What Can Structural Engineers Do to Address the Problem of Floor Vibrations?
by Andrew W. Taylor, Ph.D., S.E., FACI
April 9, 2020; 11:00 AM - 1:00 PM Pacific TimeSmall Business System Requirements FAQ Register
ICC Preferred Provider Course Number: 12169
Floor vibrations are becoming an increasingly important design challenge as more buildings are constructed (or remodeled) to contain vibration-sensitive occupancies. Some examples are fitness gyms, dance floors, biotech research facilities, micro- and nano-scale manufacturing facilities, medical occupancies (such as MRI, CAT scan, and micro-surgery suites), and data centers. In addition, building owners and tenants have developed a heightened awareness of, and lower tolerance for, floor vibrations that can be felt by humans. Thus, as structural engineers, we are now frequently called upon to design, or renovate, buildings to meet specific floor vibration criteria. This presentation provides an overview of what is common practice for limiting floor vibrations. The following topics will be addressed during the web seminar:
- Code Requirements: Does 2015 IBC Section 1604.3 help with floor vibrations?
- Who uses ASCE 7-10 Appendix C (Serviceability Considerations)?
- Structural vibration criteria
- Equipment and methods used to make field measurements of structural vibrations, particularly floor vibrations
- General approaches for vibration design (or evaluation) of floor systems, including practical limitations of some existing analytical methods
Andrew W. Taylor, Ph.D., S.E., FACI is an Associate at KPFF Consulting Engineers in Seattle, WA. Taylor has 30 years of experience in structural engineering research and practice, including seven years with the Building and Fire Research Laboratory at the National Institute of Standards and Technology. Taylor received his BSCE and MSCE degrees in 1983 and 1985 from the University of Washington in Seattle, and his PhD from the University of Texas at Austin in 1990. He has extensive research experience in experimental and theoretical investigations of the seismic behavior of reinforced concrete structures. His specialties include structural vibrations, performance-based seismic design of concrete structures, and seismic base isolation systems. Taylor is a Fellow of the American Concrete Institute, a member of ACI Committee 318 – Structural Building Code, Chair of Subcommittee H on Seismic Provisions, and past chair of ACI Committee 374 – Performance-Based Seismic Design of Concrete Buildings. He is past chair of the Earthquake Engineering Committee of the Structural Engineers Association of Washington and has served as a member of technical and advisory committees of the American Society of Civil Engineers, the Building Seismic Safety Council, the Multidisciplinary Center for Earthquake Engineering Research, The Portland Cement Association, and the National Research Council. He has served on reconnaissance teams following the 1994 Northridge, 1995 Kobe, 2001 Nisqually, and 2011 Tohoku earthquakes, and is a registered Structural Engineer in the State of Washington.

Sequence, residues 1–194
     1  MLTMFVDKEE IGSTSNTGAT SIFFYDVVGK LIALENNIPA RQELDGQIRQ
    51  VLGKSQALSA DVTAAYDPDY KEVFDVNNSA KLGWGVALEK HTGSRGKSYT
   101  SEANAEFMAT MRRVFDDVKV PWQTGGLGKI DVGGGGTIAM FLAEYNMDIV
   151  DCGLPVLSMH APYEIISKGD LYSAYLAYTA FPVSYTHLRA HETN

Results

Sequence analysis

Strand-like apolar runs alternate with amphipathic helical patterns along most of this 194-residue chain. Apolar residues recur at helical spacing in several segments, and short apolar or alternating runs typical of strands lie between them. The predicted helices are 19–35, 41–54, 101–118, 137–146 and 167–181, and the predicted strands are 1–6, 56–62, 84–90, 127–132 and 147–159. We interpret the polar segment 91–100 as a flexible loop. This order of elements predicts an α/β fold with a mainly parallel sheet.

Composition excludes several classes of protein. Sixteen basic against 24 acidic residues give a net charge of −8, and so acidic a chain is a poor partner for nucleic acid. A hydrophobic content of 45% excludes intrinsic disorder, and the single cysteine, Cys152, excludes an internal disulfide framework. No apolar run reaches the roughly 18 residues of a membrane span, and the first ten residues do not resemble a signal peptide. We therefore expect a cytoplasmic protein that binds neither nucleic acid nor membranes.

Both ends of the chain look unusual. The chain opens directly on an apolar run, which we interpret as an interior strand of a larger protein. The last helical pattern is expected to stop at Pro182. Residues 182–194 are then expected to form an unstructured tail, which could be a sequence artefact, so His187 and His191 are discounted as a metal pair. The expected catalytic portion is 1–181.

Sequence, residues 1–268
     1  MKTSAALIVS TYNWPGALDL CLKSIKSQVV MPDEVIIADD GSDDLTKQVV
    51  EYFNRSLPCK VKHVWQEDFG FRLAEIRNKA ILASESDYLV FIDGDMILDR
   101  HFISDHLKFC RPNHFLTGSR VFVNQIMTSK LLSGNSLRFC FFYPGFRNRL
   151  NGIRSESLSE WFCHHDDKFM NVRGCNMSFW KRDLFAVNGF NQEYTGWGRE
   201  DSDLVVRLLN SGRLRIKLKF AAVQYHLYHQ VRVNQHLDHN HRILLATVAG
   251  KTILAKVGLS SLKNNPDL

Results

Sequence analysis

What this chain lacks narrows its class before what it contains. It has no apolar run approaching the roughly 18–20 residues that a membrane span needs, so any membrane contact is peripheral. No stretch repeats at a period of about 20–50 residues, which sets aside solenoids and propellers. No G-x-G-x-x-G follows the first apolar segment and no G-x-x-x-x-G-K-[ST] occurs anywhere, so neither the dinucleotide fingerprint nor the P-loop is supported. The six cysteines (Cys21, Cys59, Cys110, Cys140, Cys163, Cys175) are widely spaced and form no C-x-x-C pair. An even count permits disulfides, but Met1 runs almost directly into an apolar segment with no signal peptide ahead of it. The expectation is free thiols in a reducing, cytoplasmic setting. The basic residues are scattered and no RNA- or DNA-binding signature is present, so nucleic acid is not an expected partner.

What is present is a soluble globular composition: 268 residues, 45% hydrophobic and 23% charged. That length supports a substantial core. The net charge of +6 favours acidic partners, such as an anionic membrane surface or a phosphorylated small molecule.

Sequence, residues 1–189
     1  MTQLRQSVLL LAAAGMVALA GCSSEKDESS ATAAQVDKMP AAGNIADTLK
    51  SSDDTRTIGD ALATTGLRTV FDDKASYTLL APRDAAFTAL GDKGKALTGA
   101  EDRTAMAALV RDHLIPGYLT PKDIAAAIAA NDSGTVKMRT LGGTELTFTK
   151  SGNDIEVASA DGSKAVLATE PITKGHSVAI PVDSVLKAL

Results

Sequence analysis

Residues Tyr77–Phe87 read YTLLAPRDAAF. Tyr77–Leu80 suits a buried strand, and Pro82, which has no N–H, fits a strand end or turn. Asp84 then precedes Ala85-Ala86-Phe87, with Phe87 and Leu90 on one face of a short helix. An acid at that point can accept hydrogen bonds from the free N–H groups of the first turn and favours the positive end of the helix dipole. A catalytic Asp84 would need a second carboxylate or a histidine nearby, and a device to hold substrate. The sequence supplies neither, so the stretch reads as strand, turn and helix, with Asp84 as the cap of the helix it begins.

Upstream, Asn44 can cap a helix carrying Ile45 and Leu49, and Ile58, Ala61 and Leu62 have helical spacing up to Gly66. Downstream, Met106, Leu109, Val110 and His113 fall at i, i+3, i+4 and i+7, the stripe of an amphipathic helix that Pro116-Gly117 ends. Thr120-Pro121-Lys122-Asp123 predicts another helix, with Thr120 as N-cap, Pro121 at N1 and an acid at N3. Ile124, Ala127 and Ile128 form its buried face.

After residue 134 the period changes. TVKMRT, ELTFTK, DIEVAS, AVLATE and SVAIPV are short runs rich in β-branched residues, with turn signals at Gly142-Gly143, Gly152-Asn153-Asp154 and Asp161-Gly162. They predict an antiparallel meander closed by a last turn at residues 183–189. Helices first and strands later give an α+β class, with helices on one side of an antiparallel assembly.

Please note a single registration allows you to have one connection. However, a number of people can view and listen to the seminar using one connection by using an LCD projector (or a large computer monitor) and good computer speakers or a speaker phone.
All attendees, irrespective of the number of registered connections, can earn 0.20 Continuing Education Units (CEUs) or 2.0 professional development hours (PDHs). CEU/PDH certificates are provided free of charge.
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